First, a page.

- begins to obey prepositional phrases like “put the block under the table.”

    - can stay with one activity for 8-9 minutes

    - ask "what" questions frequently

    - may repeat sounds, words and phrases, which is perfectly normal at this age.

    FOUR YEARS OLD:                                                                                                 

      At the age of 4, your child...

    - points to colors red, blue yellow and green.

    - has a sentence length of 4-5 words

    - has a vocabulary of nearly 1500 words

    - uses past tense correctly

    - copies a line and a circle

    - follows a command

    - understands "early in the morning", " next month", “noon time",

    - identifies crosses, triangles, circles and squares

    - asks “who" and "why" questions

    - begins to use complex sentences

    - uses contractions such as "it's a" or "there's a"

    - stays with one activity 11-12 minutes


      At the age of 5, your child...

    - knows his address

    - has a sentence length of 5-6 words

    - has a vocabulary of around 2000 words

    - defines objects by their use and can tell what objects are made of

    - knows spatial relations like "on top", “behind" and "far".

    - knows common opposites like "up/down" and "big/little"

    - understands "same" and “different"

    - counts 10 objects

    - uses future, present and past tense

    - questions for information

    - distinguishes left and right hand in himself but not in others

    - uses all types of sentences

    - stays with one activity for 12-13 minutes



    You can use everyday routines and events to help your child learn language. Children learn words and rules for using them by listening to others talk. Then they imitate the language they have heard.  Your child is using you as a "model" for correct language.  Therefore, what you say - and how you say it - is an important influence on your child!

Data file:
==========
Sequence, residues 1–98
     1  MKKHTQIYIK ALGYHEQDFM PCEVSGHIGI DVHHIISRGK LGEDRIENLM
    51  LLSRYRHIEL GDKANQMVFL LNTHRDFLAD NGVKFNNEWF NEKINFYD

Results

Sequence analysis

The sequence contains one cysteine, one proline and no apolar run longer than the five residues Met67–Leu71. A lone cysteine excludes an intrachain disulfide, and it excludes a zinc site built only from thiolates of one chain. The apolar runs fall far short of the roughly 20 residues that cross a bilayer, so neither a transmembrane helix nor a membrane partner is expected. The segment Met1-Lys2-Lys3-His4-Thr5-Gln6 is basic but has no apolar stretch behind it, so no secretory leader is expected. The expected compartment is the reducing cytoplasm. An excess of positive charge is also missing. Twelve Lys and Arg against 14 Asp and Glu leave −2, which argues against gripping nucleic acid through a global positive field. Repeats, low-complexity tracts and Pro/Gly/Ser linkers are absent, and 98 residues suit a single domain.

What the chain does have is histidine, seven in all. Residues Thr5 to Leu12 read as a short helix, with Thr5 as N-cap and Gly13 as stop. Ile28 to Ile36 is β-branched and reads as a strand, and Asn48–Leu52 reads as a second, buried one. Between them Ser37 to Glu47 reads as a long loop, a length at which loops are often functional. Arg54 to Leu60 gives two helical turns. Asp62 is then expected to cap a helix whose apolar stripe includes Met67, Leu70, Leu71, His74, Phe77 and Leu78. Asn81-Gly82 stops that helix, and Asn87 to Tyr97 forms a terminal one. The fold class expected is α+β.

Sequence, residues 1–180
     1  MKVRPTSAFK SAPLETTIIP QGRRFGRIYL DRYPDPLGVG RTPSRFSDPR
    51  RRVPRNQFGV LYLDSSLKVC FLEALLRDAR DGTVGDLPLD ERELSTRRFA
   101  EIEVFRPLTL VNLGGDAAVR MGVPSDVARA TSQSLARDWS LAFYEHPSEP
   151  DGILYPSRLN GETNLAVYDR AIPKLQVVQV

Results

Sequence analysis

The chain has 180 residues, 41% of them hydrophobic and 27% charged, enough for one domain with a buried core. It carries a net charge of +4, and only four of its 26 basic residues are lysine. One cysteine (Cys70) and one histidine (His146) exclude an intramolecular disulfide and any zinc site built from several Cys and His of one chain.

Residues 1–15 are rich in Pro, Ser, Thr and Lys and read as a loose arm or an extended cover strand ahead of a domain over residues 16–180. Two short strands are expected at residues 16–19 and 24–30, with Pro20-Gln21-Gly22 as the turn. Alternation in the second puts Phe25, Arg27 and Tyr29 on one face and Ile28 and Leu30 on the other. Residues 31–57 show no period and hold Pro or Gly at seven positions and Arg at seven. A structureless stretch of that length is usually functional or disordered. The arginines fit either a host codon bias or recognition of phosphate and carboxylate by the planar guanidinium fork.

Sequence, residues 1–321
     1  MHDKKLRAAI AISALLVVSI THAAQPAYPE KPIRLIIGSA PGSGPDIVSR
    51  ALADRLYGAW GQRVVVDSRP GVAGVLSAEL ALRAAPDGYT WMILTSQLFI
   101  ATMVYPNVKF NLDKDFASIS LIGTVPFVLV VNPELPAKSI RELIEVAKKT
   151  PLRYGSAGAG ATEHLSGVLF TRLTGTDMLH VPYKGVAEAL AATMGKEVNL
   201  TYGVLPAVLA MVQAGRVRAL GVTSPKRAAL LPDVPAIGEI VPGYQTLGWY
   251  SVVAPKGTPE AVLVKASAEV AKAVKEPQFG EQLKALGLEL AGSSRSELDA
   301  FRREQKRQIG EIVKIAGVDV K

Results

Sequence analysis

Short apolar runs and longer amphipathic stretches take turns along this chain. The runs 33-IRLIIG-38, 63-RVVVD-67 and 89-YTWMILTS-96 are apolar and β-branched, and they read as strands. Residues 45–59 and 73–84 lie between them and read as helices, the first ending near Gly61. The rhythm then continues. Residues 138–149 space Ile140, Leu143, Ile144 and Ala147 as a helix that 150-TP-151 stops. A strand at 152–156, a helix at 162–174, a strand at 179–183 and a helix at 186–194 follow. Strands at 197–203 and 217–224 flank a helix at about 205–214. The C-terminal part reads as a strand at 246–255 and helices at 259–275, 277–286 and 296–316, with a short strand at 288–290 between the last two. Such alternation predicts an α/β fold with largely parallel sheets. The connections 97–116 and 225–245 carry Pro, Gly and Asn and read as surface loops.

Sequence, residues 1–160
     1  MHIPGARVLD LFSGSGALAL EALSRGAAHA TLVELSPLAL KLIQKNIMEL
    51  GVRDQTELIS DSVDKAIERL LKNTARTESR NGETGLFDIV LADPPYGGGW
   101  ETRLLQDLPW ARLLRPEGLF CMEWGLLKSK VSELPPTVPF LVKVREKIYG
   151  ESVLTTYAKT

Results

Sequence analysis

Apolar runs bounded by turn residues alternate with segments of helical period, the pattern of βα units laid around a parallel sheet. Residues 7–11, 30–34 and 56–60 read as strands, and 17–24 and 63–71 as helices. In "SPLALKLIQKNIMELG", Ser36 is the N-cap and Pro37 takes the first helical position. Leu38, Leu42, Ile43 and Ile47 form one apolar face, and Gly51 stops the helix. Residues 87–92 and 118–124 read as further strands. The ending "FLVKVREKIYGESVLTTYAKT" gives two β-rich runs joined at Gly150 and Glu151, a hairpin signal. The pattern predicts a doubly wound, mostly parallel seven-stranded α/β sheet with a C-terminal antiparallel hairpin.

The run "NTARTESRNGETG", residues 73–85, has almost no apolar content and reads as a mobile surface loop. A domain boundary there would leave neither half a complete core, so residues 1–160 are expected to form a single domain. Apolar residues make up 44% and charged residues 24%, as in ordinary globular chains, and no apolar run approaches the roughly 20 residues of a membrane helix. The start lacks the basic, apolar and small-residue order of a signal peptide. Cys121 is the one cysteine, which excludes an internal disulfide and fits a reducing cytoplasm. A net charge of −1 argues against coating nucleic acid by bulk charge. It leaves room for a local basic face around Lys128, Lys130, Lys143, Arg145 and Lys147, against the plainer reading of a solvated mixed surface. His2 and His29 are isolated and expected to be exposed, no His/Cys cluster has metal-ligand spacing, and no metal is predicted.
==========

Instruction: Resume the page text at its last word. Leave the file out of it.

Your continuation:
Talk about the here and now.

    It helps children understand when you talk about objects, people and events that can be seen, heard, and touched.  So talk about events as they happen.  Name objects that the child can see.  Talk about people around you.

    Talk about what is important to your child.

    Help your child learn to listen by talking about things that interest the child.  Remember that what is interesting to your child may not be interesting to you.  Listen to your child.

    Talk aloud about what you are doing.

    Any time you are with your child is a time for language learning.  By putting your thoughts and actions into words, you are teaching your child language.  Describe how you make a cake, do a load of wash, hang up the clothes, etc....

    At times, talk to your child.

    Your child is able to think before being able to express those thoughts.  You can help sometimes putting thoughts into words for your child.  By doing this, you give your child words and sentences to remember for future use.  

    It is important to put your child's feelings into words.  The child may not have words to express these feelings.  You can help your child understand emotions by labeling them.  For example:  “I can see that you are angry.  David broke your car.  But we can fix it.”

    Expand your child's remarks:

    Child:  "Doggie run."

    Parent:  " The doggie runs fast."

    This strategy is called expansion.  In using expansion, the parent above did not change the child's meaning.  The parent just made the remark longer. As a result, the child heard a good language model.  In addition, the parent did not "correct" the child's remark or require the child to repeat the expanded remark.  The use of expansion is a non-threatening way to model good language for your child.

    Add a little more information to your child's remark.

    In addition, to expanding your child's remark, you can build on what your child already said by adding new information.  Your remark can include your child's original thought plus a new idea.   For example: